“SUBJECT to the provisions of the Act, a resolution in writing signed by all the members for the time being entitled to receive notice of and to attend and vote at general meetings (or being corporations by their duly authorized representatives) shall be as valid and effective as if the same had been passed at a general meeting of the company duly convened and held.”
Further, section 143 of the Engilsh Companies Act, 1948 now expressly enables written resolutions which are not passed at a general meeting to be registered. This change is reflected in India also. Under section 82 of the Indian Companies Act, 1913, special and extraordinary resolutions passed at general meetings alone were capable of being registered. But section 192 of the Companies Act, 1956 enables written resolutions not passed at general meetings to be registered.
(15) The second inroad on the requirement of a formal meeting is that the consent of the shareholders may be ascertained without calling any meeting at all. Further, the doctrine of lifting the veil of incorporation and looking at the reality of the action of the members of the company enables us to hold that the consent of the overwhelming majority of the shareholders outside a meeting is sufficient to show that the resolution was supported virtually by all the members of the company. Professor L. C. B. Gower calls this as “informal ratification by the members of the acts done on behalf of the company.” He draws the distinction between the formal and the informal acts as follows:-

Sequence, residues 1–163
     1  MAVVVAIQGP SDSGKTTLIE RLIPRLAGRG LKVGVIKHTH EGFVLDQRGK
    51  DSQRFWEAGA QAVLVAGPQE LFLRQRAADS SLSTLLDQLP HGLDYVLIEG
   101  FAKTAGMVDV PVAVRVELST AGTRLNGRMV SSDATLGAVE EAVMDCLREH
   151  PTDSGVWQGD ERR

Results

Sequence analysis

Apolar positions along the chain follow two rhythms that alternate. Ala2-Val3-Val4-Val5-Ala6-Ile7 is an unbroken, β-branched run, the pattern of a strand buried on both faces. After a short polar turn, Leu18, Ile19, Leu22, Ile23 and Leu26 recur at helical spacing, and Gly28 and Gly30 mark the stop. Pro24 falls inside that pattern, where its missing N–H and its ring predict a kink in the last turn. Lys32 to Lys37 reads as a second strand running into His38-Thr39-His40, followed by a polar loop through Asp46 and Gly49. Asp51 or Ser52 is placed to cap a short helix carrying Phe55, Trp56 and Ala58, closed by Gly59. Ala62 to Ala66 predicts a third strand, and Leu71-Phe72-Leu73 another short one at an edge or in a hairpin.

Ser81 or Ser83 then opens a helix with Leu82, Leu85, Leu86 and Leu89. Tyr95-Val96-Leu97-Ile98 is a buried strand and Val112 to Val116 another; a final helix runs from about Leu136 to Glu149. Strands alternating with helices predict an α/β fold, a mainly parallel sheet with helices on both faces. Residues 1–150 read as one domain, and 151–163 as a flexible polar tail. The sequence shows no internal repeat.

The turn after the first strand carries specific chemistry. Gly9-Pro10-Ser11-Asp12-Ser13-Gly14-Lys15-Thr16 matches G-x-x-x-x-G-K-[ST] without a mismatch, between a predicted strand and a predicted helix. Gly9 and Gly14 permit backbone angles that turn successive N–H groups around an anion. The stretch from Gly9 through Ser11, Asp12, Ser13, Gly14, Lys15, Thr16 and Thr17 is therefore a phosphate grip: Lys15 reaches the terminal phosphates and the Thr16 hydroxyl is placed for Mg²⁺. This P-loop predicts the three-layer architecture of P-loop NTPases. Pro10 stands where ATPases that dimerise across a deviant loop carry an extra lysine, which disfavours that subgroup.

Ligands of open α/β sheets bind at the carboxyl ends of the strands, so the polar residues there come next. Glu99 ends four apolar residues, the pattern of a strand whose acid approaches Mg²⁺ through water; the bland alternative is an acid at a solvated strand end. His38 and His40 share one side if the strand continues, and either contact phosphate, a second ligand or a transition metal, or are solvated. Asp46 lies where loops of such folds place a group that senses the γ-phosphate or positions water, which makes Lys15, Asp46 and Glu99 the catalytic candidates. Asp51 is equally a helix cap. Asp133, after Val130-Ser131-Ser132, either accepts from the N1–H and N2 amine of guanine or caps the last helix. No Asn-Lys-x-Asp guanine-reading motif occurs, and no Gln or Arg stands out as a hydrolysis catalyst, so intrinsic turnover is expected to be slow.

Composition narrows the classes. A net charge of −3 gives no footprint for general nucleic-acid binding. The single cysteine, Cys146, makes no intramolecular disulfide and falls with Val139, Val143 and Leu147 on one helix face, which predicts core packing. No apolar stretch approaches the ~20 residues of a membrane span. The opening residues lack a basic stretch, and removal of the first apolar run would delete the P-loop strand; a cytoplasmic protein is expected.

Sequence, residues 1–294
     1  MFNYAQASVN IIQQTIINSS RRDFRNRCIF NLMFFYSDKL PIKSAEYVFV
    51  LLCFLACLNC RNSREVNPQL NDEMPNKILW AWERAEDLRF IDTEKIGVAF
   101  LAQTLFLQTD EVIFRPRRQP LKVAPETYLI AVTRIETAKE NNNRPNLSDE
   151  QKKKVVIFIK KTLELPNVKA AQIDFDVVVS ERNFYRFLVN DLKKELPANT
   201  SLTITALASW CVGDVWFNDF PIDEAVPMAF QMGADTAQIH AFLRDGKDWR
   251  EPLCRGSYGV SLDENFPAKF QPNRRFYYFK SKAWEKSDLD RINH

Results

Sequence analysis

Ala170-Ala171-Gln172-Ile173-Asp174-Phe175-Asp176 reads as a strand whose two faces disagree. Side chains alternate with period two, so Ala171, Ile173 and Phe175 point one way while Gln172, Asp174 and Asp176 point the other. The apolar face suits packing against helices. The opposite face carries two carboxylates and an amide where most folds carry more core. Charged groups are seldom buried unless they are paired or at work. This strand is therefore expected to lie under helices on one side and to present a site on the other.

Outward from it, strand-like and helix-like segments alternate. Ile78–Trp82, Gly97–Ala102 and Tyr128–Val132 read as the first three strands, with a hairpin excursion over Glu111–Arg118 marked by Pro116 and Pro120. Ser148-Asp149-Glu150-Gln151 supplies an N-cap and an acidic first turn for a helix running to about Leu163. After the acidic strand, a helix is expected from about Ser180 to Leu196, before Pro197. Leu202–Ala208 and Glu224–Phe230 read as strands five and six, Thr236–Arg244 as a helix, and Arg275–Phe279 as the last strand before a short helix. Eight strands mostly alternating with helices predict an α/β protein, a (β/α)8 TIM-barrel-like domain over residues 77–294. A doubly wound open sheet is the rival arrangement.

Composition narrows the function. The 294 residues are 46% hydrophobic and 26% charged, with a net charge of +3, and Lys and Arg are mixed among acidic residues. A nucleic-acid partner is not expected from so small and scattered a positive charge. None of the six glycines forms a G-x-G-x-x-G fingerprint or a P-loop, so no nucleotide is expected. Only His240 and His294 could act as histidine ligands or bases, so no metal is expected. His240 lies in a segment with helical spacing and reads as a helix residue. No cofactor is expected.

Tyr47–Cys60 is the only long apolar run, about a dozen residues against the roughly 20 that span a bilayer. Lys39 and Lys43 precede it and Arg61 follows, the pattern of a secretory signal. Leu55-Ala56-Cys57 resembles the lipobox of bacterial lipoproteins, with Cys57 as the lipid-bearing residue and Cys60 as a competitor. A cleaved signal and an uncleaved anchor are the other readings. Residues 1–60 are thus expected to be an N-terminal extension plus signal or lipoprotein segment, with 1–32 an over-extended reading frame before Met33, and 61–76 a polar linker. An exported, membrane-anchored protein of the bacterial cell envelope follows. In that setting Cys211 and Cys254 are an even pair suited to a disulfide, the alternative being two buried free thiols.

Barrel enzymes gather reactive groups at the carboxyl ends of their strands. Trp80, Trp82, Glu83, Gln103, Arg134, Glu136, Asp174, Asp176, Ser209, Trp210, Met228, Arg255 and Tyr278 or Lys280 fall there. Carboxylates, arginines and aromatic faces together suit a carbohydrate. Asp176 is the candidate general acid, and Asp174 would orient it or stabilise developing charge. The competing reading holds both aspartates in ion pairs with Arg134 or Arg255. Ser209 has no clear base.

“THE law normally insists that only a resolution duly passed at a meeting of the company can be regarded as an act of the company itself. In a number of cases, however, the question has arisen whether something less formal than a resolution passed at a duly convened meeting will suffice. In other words, can the veil be lifted so as to equate a decision of the members with a decision of the company itself ?”
(The Principles of Modern Company Law, 3rd Edn., pages 206-209). Decisions on this subject may be classified into (a) those requiring a formal compliance, and (b) those requiring only a substantial compliance. Formal compliance:- In Re George Newman Ltd., (1895) 1 Ch. 674 it was held by Lindley L. J., that “individual assents given separately may preclude those who have given them from complaining of what they have sanctioned, but for the purpose of binding a company in its corporate capacity individual assents given separately are not equivalent to the assent of a meeting.” In Re
Express Engineering Works, (1920) 1 Ch. 466, and in E. B.M.Co. Ltd. v. Dominion Bank, (1937) 3 A.E.R. 555, the decisions proceeded on the view that the consent of all the shareholders was necessary if no meeting was called. Substantial compliance:- In Parker & Cooper Ltd. v. Reading, (1926) Ch. 975, the decisions in Re George Newman